The Martin Luther University of Halle-Wittenberg referred to as MLU, is a public, research-oriented university in the cities of Halle and Wittenberg in Saxony-Anhalt, Germany. MLU offers German and international courses leading to academic degrees such as BA, BSc, MA, MSc, doctoral degrees and Habilitation; the university was created in 1817 through the merger of the University of Wittenberg and the University of Halle. The university is named after the Protestant reformer Martin Luther, a professor in Wittenberg. Today, the university itself is located in Halle, while the Leucorea Foundation in Wittenberg serves as MLU's convention centre for seminars as well as for academic and political conferences. Both Halle and Wittenberg are about one hour from Berlin via the Berlin–Halle railway, which offers Intercity-Express trains; the University of Wittenberg was founded in 1502 by Frederick the Wise, Elector of Saxony, as the Renaissance was becoming more and more popular. The foundation of the university was criticized when the Ninety-five Theses reached Albert of Brandenburg, the Archbishop of Mainz.
Ecclesiastically speaking, the Electorate of Saxony was subordinate to Albert. He criticized the elector for Luther's theses, viewing the founded university as a breeding ground for heretical ideas. Under the influence of Philipp Melanchthon, building on the works of Martin Luther, the university became a centre of the Protestant Reformation incorporating, at one point in time, Luther's house in Wittenberg, the Lutherhaus, as part of the campus. Notable alumni include George Müller, Georg Joachim Rheticus and – in fiction – William Shakespeare's Prince Hamlet and Horatio and Christopher Marlowe's Doctor Faustus; the University of Halle was founded in 1694 by Frederick III, Elector of Brandenburg, who became Frederick I, King in Prussia, in 1701. In the late 17th century and early 18th century, Halle became a centre for Pietism within Prussia. In the 17th and 18th centuries, the universities were centers of the German Enlightenment. Christian Wolff was an important proponent of rationalism, he influenced many German scholars, such as Immanuel Kant.
Christian Thomasius was at the same time the first philosopher in Germany to hold his lectures not in Latin, but German. He contributed to a rational programme in philosophy but tried to establish a more common-sense point of view, aimed against the unquestioned superiority of aristocracy and theology; the institutionalisation of the local language as the language of instruction, the prioritisation of rationalism over religious orthodoxy, new modes of teaching, the ceding of control over their work to the professors themselves, were among various innovations which characterised the University of Halle, have led to its being referred to as the first "modern" university, whose liberalism was adopted by the University of Göttingen about a generation and subsequently by other German and most North American universities. The University of Wittenberg was closed in 1813 during the Napoleonic Wars; the town of Wittenberg was granted to Prussia in the Congress of Vienna in 1815, the university was merged with the Prussian University of Halle in 1817.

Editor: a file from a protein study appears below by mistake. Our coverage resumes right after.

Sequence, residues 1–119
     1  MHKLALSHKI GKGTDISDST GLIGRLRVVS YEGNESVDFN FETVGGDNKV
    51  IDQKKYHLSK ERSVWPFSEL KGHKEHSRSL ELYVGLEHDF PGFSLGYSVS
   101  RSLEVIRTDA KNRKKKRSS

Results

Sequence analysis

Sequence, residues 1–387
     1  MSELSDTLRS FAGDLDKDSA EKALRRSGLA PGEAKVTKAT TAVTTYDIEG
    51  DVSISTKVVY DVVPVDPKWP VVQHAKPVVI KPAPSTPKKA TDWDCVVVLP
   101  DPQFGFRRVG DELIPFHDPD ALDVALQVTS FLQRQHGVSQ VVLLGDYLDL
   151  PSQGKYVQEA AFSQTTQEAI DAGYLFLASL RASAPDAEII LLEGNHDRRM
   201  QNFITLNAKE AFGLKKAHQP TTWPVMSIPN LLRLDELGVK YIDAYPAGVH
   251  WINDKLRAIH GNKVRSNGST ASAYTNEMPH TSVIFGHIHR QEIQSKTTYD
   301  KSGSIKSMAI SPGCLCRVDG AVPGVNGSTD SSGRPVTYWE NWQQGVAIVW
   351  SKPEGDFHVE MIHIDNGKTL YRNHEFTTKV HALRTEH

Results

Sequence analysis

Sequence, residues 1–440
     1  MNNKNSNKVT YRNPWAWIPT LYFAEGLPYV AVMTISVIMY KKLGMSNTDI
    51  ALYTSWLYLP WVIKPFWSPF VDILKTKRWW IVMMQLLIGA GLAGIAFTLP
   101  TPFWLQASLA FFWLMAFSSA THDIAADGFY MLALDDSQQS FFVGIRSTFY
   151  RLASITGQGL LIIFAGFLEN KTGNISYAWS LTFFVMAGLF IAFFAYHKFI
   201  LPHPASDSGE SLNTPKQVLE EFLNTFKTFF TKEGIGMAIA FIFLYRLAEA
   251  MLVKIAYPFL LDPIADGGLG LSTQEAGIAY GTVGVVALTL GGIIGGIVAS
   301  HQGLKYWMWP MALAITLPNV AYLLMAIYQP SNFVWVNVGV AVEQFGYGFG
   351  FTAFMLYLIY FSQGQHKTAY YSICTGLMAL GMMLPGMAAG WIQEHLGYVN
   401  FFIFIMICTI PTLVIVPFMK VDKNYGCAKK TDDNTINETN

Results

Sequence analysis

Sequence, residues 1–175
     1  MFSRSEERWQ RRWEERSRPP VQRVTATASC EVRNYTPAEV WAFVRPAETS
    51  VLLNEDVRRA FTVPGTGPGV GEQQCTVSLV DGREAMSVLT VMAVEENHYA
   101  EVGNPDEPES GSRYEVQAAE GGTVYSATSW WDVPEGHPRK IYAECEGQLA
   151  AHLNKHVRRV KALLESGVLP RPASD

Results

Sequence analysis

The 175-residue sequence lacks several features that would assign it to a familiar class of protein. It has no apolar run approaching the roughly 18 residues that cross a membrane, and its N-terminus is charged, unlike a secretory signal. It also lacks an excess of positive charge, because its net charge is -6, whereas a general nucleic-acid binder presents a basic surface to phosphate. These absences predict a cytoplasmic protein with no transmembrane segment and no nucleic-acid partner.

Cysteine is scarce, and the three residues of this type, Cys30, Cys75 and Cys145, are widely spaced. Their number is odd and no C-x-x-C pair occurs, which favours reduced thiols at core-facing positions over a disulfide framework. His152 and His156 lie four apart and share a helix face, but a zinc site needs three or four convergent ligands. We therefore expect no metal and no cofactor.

It took its present name on 10 November 1933. More than a dozen professors were expelled. Others were shifted to Halle-Wittenberg from universities regarded as "better" at the time, which led to the university being called an academic Vorkuta – after the largest center of the Gulag camps in European Russia). Following the continental European academic tradition, MLU has 9 faculties, regrouping academic staff and students according to their field of studies: Faculty of Theology Faculty of Law and Economics Faculty of Medicine Faculty of Philosophy I Faculty of Philosophy II Faculty of Philosophy III Faculty of Natural Sciences I Faculty of Natural Sciences II Faculty of Natural Sciences III The Botanical Garden of Martin Luther University of Halle-Wittenberg, founded in 1698. MLU's historical observatory, built in 1788 by Carl Gotthard Langhans. MLU is enclosed by a variety of research institutions, which have either institutional or personal links with the university or cooperate in their respective fields of studies: The German Academy of Sciences Leopoldina The Halle Institute for Economic Research The Fraunhofer Institute for Mechanics of Materials The Leibniz Institute of Agricultural Development in Central and Eastern Europe The Leibniz Institute of Plant Biochemistry The Max Planck Research Unit for Enzymology of Protein Folding The Max Planck Institute for Social Anthropology The Max Planck Institute of Microstructure Physics The Helmholtz Centre for Environmental Research Even though MLU is an academic, research oriented institution, not an academy of music or conservatory, the university has an academic orchestra, founded in 1779, a rather prestigious choir, founded in 1950, which together constitute the so-called Collegium musicum.
Members are gifted students of all faculties, but academic staff and alumni. The university choir performs at the international Handel Festival in George Frideric Handel’s birthplace, Halle. MLU has many international partner universities, including: Argentina: National University of La Plata Australia: University of Queensland Austria: Johannes Kepler University Linz Canada: University of Ottawa Colombi